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Working Late: Do Workplace Sex Ratios Affect Partnership Formation and Dissolution?

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  • Michael Svarer

Abstract

In this paper, I analyze the association between workplace sex ratios and partnership formation and dissolution. I find that the risk of dissolution increases with the fraction of coworkers of the opposite sex at both the female and male workplace. On the other hand, workplace sex ratios are not important for the overall transition rate from singlehood to partnership. The results suggest that the workplace constitutes a more important marriage market segment for individuals who are already in a partnership, presumably due to higher search cost for (alternative) partners in general.

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Bibliographic Info

Article provided by University of Wisconsin Press in its journal Journal of Human Resources.

Volume (Year): 42 (2007)
Issue (Month): 3 ()
Pages:

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Handle: RePEc:uwp:jhriss:v:42:y:2007:i3:p582-595

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  1. Becker, Gary S, 1973. "A Theory of Marriage: Part I," Journal of Political Economy, University of Chicago Press, vol. 81(4), pages 813-46, July-Aug..
  2. Michael J. Brien, 1997. "Racial Differences in Marriage and the Role of Marriage Markets," Journal of Human Resources, University of Wisconsin Press, vol. 32(4), pages 741-778.
  3. Keeley, Michael C, 1977. "The Economics of Family Formation," Economic Inquiry, Western Economic Association International, vol. 15(2), pages 238-50, April.
  4. Pieter Gautier & Michael Svarer & Coen Teulings, 2005. "Marriage and the City," CAM Working Papers 2005-01, University of Copenhagen. Department of Economics. Centre for Applied Microeconometrics.
  5. van den Berg, Gerard J, 1994. "The Effects of Changes of the Job Offer Arrival Rate on the Duration of Unemployment," Journal of Labor Economics, University of Chicago Press, vol. 12(3), pages 478-98, July.
  6. Michael Svarer, 2004. "Is Your Love in Vain? Another Look at Premarital Cohabitation and Divorce," Journal of Human Resources, University of Wisconsin Press, vol. 39(2).
  7. Michael Svarer & Mette Verner, 2008. "Do children stabilize relationships in Denmark?," Journal of Population Economics, Springer, vol. 21(2), pages 395-417, April.
  8. Arnstein Aassve & Simon Burgess & Andrew Chesher & Carol Propper, 2001. "Transitions from home to marriage of young Americans," MPIDR Working Papers WP-2001-004, Max Planck Institute for Demographic Research, Rostock, Germany.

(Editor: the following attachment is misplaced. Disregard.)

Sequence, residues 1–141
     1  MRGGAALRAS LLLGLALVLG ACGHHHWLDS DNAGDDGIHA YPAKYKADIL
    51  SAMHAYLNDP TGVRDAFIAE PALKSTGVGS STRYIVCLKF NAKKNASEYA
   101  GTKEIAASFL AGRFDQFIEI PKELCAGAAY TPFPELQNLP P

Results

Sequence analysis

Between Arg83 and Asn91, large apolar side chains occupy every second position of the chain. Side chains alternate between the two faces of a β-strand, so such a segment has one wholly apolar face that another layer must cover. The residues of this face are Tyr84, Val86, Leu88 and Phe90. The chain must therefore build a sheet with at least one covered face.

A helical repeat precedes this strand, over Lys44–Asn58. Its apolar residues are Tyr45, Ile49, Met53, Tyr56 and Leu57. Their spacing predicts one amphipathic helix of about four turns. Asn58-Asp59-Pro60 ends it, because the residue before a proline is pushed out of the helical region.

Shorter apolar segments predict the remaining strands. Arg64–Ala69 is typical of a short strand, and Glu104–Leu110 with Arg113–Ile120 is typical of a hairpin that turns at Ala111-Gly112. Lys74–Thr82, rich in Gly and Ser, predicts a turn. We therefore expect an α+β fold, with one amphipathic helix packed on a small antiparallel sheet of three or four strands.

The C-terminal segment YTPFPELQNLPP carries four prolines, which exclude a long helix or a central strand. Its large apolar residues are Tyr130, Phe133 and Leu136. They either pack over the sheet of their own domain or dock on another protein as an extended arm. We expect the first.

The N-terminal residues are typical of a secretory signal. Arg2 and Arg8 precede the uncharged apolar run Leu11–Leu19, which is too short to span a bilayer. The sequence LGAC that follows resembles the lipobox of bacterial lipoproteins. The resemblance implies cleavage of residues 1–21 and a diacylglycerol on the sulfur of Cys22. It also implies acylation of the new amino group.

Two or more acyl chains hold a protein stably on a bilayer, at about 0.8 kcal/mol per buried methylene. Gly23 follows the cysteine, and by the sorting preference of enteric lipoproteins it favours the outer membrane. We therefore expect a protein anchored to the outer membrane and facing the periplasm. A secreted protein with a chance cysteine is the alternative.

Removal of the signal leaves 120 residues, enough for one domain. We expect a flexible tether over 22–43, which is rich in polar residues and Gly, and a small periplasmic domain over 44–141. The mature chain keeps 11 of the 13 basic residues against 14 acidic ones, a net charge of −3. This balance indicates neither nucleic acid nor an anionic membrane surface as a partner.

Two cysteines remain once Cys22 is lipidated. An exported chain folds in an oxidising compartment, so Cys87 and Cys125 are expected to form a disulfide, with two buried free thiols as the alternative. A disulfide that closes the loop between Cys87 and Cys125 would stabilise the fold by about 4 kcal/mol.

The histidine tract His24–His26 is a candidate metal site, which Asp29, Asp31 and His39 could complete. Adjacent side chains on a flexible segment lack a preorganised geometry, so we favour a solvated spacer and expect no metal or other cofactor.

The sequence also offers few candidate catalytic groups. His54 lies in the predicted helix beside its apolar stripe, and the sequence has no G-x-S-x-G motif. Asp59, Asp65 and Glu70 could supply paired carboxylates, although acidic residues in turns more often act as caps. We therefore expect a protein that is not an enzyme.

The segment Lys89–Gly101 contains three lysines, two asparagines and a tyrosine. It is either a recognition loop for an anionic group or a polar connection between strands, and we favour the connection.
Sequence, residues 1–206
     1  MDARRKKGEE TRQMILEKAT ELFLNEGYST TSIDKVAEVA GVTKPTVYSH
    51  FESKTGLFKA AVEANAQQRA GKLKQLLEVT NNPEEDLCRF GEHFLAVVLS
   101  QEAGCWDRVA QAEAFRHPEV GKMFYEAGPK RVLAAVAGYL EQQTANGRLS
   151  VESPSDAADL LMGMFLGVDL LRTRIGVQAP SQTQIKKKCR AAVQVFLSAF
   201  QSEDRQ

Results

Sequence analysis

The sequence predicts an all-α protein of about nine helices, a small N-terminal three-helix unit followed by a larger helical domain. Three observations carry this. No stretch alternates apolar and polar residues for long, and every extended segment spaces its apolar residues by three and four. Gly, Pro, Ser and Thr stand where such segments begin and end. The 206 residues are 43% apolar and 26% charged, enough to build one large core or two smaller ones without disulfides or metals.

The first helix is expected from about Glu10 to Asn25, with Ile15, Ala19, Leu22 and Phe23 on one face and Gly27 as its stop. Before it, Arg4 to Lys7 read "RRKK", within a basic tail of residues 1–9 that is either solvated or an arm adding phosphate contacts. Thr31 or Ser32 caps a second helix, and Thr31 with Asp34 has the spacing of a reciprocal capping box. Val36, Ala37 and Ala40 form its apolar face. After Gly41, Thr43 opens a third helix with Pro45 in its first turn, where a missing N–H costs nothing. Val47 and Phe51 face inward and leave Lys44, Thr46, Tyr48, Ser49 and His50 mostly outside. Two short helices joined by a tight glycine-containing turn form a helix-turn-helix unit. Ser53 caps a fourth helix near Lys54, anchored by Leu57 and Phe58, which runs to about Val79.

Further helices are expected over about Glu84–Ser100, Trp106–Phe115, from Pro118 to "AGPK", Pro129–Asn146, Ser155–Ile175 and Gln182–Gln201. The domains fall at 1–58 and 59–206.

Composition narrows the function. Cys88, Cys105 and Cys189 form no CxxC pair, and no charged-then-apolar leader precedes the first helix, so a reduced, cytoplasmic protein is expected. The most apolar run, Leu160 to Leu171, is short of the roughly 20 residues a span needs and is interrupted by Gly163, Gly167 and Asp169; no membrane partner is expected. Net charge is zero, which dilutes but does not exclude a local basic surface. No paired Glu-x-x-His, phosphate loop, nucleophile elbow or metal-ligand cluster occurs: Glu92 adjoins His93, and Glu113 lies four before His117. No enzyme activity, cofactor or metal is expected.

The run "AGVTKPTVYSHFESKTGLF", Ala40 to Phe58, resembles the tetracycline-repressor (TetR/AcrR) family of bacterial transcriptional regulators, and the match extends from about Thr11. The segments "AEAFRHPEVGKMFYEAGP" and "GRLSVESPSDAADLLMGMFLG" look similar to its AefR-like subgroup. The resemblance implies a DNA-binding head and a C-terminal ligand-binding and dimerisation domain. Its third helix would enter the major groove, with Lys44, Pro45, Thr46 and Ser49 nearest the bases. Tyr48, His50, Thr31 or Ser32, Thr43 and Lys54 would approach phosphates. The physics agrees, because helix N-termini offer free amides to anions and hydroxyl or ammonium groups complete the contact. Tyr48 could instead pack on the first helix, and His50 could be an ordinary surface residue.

9. Card, David, 2001. "Estimating the Return to Schooling: Progress on Some Persistent Econometric Problems," Econometrica, Econometric Society, vol. 69(5), pages 1127-60, September.
  10. Josh Angrist, 2002. "How Do Sex Ratios Affect Marriage And Labor Markets? Evidence From America'S Second Generation," The Quarterly Journal of Economics, MIT Press, vol. 117(3), pages 997-1038, August.
  11. Yu Xie & James Raymo & Kimberl Goyette & Arland Thornton, 2003. "Economic potential and entry into marriage and cohabitation," Demography, Springer, vol. 40(2), pages 351-367, May.
  12. Becker, Gary S & Landes, Elisabeth M & Michael, Robert T, 1977. "An Economic Analysis of Marital Instability," Journal of Political Economy, University of Chicago Press, vol. 85(6), pages 1141-87, December.
  13. Nakosteen, Robert A & Zimmer, Michael A, 2001. "Spouse Selection and Earnings: Evidence of Marital Sorting," Economic Inquiry, Western Economic Association International, vol. 39(2), pages 201-13, April.
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Cited by:
  1. Michael Svarer, 2008. "Crime and Partnerships," Economics Working Papers 2008-06, School of Economics and Management, University of Aarhus.
  2. Kuroki, Masanori, 2013. "Opposite-sex coworkers and marital infidelity," Economics Letters, Elsevier, vol. 118(1), pages 71-73.
  3. Kieron Barclay, 2013. "Sex ratios at sexual maturity and longevity," Demographic Research, Max Planck Institute for Demographic Research, Rostock, Germany, vol. 29(31), pages 837-864, October.

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